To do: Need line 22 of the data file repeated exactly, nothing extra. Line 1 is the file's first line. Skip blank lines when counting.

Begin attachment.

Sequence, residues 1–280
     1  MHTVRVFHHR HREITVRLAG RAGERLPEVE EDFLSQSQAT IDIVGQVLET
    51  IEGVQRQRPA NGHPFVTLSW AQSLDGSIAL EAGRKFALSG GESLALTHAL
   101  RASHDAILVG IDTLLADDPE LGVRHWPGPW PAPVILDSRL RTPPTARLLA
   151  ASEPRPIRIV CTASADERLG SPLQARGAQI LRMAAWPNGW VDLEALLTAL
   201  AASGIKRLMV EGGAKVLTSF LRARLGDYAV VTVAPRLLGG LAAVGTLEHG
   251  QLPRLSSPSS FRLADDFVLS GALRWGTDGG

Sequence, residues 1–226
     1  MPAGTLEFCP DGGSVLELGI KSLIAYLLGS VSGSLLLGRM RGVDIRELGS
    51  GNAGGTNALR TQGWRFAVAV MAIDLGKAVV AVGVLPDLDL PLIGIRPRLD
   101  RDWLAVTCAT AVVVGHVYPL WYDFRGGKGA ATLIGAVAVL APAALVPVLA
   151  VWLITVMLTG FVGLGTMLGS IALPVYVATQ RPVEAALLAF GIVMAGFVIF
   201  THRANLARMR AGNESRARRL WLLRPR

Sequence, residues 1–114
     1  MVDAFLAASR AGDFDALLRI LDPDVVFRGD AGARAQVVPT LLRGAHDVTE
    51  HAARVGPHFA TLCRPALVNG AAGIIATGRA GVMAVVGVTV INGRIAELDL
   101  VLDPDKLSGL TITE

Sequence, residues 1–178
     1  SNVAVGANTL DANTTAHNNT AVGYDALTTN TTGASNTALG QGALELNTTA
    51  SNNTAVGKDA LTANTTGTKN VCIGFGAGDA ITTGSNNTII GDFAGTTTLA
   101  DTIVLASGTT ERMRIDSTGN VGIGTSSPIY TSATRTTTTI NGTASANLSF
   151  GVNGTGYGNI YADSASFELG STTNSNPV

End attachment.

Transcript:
   151  GVNGTGYGNI YADSASFELG STTNSNPV